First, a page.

The most interesting finding is that the majority of Israelis do not see any need for a separation between men and women at the Kotel and they believe that every person has the right to pray however he or she wants, without any restrictions or preconditions. That is, 62.2% of all Israelis believe that everyone, men and women, Orthodox, Conservative and Reform, should be allowed to pray at the Kotel in accordance with egalitarian practice and free of any separation between men and women! Only 9.3% believe that non-Orthodox streams should be forbidden to pray at the Kotel. 17.4% believe that there must be a solution to this issue that allows everyone to pray at the site, with priority given to those who are Orthodox while only 6.1% believe that such a solution should give preference to those who are non-Orthodox.

Prof. Bar asserts: “It appears that a growing number of people in the Israeli public feel that the Western Wall has been “stolen” from them. Instead of being a popular religious and national site it has been transformed into a place controlled by a very narrow segment of the population, who force upon the public a very constrained type of visit.” Prof. Bar believes that this coercion has distanced Israeli society from the Kotel during the past two generations: “Such a situation is very sad when one takes into consideration the reality during first few decades following the Six-Day War – then the Kotel was a magnet for many Israelis; it represented an important religious and national site.”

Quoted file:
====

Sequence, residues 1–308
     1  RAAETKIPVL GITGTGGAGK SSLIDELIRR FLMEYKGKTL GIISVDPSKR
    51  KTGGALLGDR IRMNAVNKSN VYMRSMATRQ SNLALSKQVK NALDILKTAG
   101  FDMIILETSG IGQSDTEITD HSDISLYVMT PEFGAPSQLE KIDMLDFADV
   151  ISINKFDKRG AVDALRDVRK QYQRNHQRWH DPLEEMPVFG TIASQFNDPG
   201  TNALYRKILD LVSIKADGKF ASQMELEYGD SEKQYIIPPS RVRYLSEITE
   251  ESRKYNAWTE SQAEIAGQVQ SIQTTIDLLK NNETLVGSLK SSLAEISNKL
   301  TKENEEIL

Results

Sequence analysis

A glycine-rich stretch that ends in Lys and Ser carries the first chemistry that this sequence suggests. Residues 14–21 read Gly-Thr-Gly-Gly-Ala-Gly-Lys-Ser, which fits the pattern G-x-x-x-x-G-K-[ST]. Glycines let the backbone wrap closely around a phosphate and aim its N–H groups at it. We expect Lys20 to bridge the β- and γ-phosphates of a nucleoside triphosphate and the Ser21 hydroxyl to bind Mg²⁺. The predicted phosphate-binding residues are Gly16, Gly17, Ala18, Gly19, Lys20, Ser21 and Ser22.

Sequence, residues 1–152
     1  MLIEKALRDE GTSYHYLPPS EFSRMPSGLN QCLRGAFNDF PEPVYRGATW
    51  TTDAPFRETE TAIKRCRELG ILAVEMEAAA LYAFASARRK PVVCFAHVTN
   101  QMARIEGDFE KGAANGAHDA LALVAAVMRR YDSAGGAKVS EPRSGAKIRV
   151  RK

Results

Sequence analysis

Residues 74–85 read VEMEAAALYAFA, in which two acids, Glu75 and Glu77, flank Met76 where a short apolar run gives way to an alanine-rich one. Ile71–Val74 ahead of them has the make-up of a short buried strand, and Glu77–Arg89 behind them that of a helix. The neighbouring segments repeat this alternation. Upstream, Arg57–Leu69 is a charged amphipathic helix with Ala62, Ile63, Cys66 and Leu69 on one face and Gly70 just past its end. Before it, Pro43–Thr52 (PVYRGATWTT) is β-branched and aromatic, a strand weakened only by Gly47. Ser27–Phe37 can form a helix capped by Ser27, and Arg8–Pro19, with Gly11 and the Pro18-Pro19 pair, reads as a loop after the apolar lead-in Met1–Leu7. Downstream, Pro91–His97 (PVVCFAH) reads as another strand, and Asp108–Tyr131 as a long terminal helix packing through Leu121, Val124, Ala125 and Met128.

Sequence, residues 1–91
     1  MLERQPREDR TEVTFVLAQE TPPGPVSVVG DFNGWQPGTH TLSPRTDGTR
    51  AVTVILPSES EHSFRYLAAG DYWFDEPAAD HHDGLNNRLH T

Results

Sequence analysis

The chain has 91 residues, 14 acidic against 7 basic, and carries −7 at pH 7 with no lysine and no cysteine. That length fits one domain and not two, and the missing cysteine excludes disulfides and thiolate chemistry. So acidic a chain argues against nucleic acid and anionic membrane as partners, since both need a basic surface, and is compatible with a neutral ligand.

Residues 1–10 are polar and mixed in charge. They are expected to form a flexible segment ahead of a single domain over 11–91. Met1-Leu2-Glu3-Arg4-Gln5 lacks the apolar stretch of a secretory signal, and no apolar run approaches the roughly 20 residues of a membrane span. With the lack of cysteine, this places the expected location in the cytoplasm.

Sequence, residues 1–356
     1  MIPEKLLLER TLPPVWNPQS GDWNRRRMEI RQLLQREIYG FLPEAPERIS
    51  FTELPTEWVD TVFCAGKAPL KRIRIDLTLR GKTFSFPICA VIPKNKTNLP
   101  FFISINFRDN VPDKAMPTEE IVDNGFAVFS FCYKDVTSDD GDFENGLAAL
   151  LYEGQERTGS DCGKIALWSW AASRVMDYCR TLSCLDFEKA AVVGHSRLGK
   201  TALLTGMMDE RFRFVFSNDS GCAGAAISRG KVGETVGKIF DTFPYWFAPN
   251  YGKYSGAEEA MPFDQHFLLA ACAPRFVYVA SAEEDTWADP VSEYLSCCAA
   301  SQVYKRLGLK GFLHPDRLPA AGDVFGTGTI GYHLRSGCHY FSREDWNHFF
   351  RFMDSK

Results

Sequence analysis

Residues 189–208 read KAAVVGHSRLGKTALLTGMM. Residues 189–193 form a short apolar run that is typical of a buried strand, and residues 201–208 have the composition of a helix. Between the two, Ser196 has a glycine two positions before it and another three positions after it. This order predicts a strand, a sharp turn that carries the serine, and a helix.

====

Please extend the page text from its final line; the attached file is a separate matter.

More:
The next question on the survey, composed by Prof. Bar, assessed this issue by questioning the frequency of visits to the Kotel. 22.2% of those surveyed visited at least once every 6 months while the majority of Israelis, 33.9%, visit at least once every 2 years. 21.4% visit once every 2-5 years and 20% of Israelis rarely visit the Kotel at all. Only 3.1% declared that they had never visited the Kotel.  Prof. Bar explains: “According to these results, the vast majority of Israelis seldom visit the Kotel and 45% visit only once every 5 years or even less than that, with a small number never visiting. These findings clearly demonstrate that the majority of Israelis feel alienated and disconnected from the Kotel.”

24.7% responded that their first visit to the Kotel took place during a school trip, 16.2% came during an independent trip or historical tour, 16% during a family event such as a Bar Mitzvah, wedding, or Brit with 11% visiting as part of a family tour, and 12.5% stated that they will not visit the Kotel during the coming year. Only 0.6% declared that they often visit the Kotel and 0.3% said that they will not visit due to security considerations.

Prof. Bar concludes: “The future of the Western Wall depends upon us. If Israeli society as a whole will continue to be indifferent, uninterested and uninvolved in the site, then the existing trend of an estrangement from the Kotel will continue. In order to restore the Western Wall to Israeli society, we must express an interest in it, visit, and be determined to reinstate it on the agenda of today’s Jewish-Israeli society.

See link to the conference program and invitation.

For further details and arranging interviews, phone Shelly Paz 054-2488086